I’m reading and enjoying Andrew Pettegree’s The Book in the Renaissance, and as I move along I can’t stop comparing that moment of textual revolution with our own. For instance, the reluctance of the learned (by and large) to embrace a new technology:

The invention of printing was not the work of scholars. Scholars in the fifteenth century had all the books they needed: their attention was directed to the borrowing, copying and bargaining necessary to obtain more texts. It required hard, practical men, often men of little education, to see the potential of a new method of copying that would bring many hundreds of texts simultaneously to the marketplace. It was also men of this stamp who perceived how the techniques of medieval craft society could be applied to achieve this. . . .

It was swiftly becoming clear that it was the centres of trade, rather than of learning, that would provide the best locations for production of printed books in the fifteenth century. Rather against expectations print did not flourish in many places that boasted a distinguished medieval university. There was virtually no printing in Tübingen or Heidelberg; in England it would be London, rather than Oxford or Cambridge, that monopolised print. Large commercial cities proved more fertile territory.

But scholarly resistance to printed books was not wholly irrational:

The scholars who shared the excitement aroused by Gutenberg’s new invention did so for very specific reasons. They believed that print would make true texts, especially of the works of classical authors, more widely available. By this they meant that print would be employed to enable scholars and intellectuals to possess more books; humanists were less concerned that books should be made available to a broader range of the population. This is a crucial distinction; and it is in this context that the humanist criticism of print now developed. For it was swiftly realised that printed books had not necessarily produced more accurate editions. The first printed books could not live up to the standard set by manuscript production in Italy. They were often dirty, smudged and inaccurate. They included too many mistakes. The inefficiency and carelessness of printers would be a repeated lament of authors throughout the era of hand-press printing, but in this first generation it had a philosophical edge: the charge that print had debased the book.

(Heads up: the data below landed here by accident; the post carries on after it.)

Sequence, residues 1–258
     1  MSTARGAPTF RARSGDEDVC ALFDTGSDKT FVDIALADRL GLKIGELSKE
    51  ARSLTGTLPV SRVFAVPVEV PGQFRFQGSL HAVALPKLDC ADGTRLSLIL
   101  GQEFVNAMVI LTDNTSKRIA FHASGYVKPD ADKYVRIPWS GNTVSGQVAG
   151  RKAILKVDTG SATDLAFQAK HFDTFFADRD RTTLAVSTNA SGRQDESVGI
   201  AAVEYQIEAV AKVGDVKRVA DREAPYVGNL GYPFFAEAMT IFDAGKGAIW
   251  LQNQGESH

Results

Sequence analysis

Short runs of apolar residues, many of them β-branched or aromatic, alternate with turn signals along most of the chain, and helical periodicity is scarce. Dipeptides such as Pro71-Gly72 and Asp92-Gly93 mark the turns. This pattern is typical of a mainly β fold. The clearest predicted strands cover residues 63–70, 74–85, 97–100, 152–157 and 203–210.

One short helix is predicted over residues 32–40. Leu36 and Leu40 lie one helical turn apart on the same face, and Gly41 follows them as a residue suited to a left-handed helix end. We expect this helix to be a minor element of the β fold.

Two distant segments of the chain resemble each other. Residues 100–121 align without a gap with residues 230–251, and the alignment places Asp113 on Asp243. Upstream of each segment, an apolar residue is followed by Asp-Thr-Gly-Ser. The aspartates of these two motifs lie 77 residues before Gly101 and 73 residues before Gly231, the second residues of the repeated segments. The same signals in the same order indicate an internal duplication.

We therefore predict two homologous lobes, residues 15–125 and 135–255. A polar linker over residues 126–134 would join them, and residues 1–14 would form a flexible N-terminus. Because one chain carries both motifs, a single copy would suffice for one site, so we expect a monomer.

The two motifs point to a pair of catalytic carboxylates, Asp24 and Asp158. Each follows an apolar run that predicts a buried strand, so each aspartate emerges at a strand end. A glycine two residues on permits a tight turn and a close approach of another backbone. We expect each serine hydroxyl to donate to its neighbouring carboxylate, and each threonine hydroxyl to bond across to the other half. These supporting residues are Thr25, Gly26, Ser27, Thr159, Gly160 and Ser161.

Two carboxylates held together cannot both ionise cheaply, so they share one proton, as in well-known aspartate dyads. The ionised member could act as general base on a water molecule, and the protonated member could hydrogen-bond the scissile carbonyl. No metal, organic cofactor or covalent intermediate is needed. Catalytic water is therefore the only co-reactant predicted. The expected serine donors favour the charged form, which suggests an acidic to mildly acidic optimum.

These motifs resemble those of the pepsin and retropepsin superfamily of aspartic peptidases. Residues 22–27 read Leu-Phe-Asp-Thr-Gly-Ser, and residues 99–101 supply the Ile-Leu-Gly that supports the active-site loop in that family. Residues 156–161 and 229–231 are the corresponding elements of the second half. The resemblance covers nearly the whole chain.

Great stuff. I leave comparisons to our own age as an exercise for the reader. And I’ll report further as I read more.


  1. It's an interesting point, and one that becomes more and more important for me to focus on as I get increasingly freaked out by technology. It reminds me of an interesting point that an interviewee made on NPR the other day–that Socrates himself felt the same about the new technology of the written word. He believed language in a written form would destroy humanity and intellectual discourse as he knew it, which, of course, it did.

    But the intellect remade itself, as it always does. I'm loving your continued thoughts on technology and the mind. Here's a blog post I wrote on a similar topic: http://casting-off.blogspot.com/2010/07/is-club-down-street.html

    Thanks again for your wisdom and witticism,
    Melissa Jenks, former student and regular reader

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